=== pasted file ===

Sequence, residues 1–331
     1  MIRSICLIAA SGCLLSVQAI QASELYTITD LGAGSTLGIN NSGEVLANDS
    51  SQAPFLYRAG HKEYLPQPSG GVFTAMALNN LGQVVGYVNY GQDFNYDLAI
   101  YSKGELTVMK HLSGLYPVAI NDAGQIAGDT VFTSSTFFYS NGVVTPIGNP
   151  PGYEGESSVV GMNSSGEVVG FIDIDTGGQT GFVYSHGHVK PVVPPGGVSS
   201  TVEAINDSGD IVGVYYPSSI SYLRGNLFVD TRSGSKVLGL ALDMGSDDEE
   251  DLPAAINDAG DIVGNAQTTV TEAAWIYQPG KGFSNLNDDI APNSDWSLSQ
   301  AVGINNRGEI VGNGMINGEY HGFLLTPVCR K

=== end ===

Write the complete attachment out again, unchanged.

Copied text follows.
Sequence, residues 1–331
     1  MIRSICLIAA SGCLLSVQAI QASELYTITD LGAGSTLGIN NSGEVLANDS
    51  SQAPFLYRAG HKEYLPQPSG GVFTAMALNN LGQVVGYVNY GQDFNYDLAI
   101  YSKGELTVMK HLSGLYPVAI NDAGQIAGDT VFTSSTFFYS NGVVTPIGNP
   151  PGYEGESSVV GMNSSGEVVG FIDIDTGGQT GFVYSHGHVK PVVPPGGVSS
   201  TVEAINDSGD IVGVYYPSSI SYLRGNLFVD TRSGSKVLGL ALDMGSDDEE
   251  DLPAAINDAG DIVGNAQTTV TEAAWIYQPG KGFSNLNDDI APNSDWSLSQ
   301  AVGINNRGEI VGNGMINGEY HGFLLTPVCR K